Hypothyroidism: Hypothyroidism is a condition wherein the thyroid glands begin to malfunction, leading to poor health and reduced activity. Common signs of hypothyroidism in dogs are thinning fur, a dull coat, shedding of fur, dry scaly skin, weight gain, and reduced tolerance to cold or warm weather. Most dogs that develop hypothyroidism also develop skin infections, which can cause skin sores that are itchy and inflamed.
Hypothyroidism is managed by taking hormone supplements for the remainder of your pet’s life. Regular checkups are necessary to monitor the effects of the medication.
Luxating patella: Luxating patella is when the kneecap moves from its normal position. When a dog displays painful walking behaviors like skipping a step or suddenly walking on three legs and then back to walking on four, then this could be a sign of a luxating patella.
Surgery may not be needed, and most small dog breeds like Chiweenies can live with this condition. A vet may recommend bracing or using physical manipulation to treat stage 1 and 2 luxating patella. But in some cases, a luxating patella can lead to inflammation, pain, cartilage damage, and tears in the knee ligaments. In advanced cases, surgery is always the best option.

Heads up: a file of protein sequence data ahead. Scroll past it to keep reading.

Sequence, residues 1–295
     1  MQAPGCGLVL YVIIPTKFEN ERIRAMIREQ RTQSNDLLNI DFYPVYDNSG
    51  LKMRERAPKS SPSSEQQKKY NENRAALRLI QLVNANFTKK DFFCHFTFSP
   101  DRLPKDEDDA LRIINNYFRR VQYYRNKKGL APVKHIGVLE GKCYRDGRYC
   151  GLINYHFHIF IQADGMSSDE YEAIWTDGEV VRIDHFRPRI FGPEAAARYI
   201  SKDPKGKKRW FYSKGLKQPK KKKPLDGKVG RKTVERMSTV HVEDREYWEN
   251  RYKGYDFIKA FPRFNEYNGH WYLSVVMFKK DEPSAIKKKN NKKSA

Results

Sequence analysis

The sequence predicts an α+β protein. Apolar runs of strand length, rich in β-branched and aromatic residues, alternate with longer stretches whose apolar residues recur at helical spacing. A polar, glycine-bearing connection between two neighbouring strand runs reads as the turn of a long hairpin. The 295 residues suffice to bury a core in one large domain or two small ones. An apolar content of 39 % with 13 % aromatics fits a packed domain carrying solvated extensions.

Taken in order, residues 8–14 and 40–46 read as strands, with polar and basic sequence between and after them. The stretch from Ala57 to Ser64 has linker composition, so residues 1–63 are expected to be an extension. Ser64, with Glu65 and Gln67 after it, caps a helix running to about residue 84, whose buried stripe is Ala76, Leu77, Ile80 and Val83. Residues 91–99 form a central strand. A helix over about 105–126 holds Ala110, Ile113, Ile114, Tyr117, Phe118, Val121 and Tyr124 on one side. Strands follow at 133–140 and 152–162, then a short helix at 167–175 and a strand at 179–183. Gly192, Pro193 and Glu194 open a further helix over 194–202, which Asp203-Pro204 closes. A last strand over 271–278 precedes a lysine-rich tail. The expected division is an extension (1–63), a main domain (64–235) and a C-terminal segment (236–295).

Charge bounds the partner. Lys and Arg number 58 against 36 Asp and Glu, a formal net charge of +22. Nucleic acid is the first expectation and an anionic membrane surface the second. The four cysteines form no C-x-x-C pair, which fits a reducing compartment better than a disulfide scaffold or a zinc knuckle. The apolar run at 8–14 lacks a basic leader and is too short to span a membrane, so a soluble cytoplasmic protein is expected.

Related: What To Do If Dog Ate Rat Poison
How long can I expect my Chiweenie to live?
Chiweenies can live 12 to 15 years old. However, a few pet owners shared on the I Love Chiweenies group on FaceBook their Chiweenie pups living to the ripe old age of 20 . . . one even living up to 22 years old!
You can help your pet avoid common illness and health problems by making sure they follow a regular exercise regimen, eat the right diet for its breed, and not shirking from vet visits. Understanding your dog’s parent breeds can also help you identify other health issues common to the adorable Chiweenie mixed breed.
Deciding to get a dog is a lifetime commitment. Don’t fall into the fad of securing a designer dog just to keep up with the times. When your cute Chiweenie puppy grows fangs (kidding!) or shows glimpses of demonic destructiveness, you still have to take care of it. Adoption is for life, and we challenge anyone who says otherwise.
They may look super adorable and you’ll fall in love with their super cute short legs at first sight, but be aware that Chiweenies are not for everyone.
Chiweenies require lots of exercise, playtime, and bonding time. If you live in an apartment, this isn’t a deal-breaker as you can arrange for a regular dog walker to exercise your Chiweenie if you spend long hours at work.
Don’t deprive yourself of the unmatched loyalty and loving companionship a little lapdog brings by focusing only on the bad traits a Chiweenie may show. If you’re looking for a loving lapdog with an independent streak, then a Chiweenie is the right dog for you.
Devote time to train your young Chiweenie to learn basic commands and most importantly, potty training. Give them a chance to adjust to your routine and learn the ins and outs of your home, get to know each and every member of the family whether two or four-legged. This will ensure you raise a well-behaved pup and minimize your headaches as a dog owner as your Chiweenie grows.
Good luck! May the odds be ever in your favor (to get the best Chiweenie match that’s perfect for you)!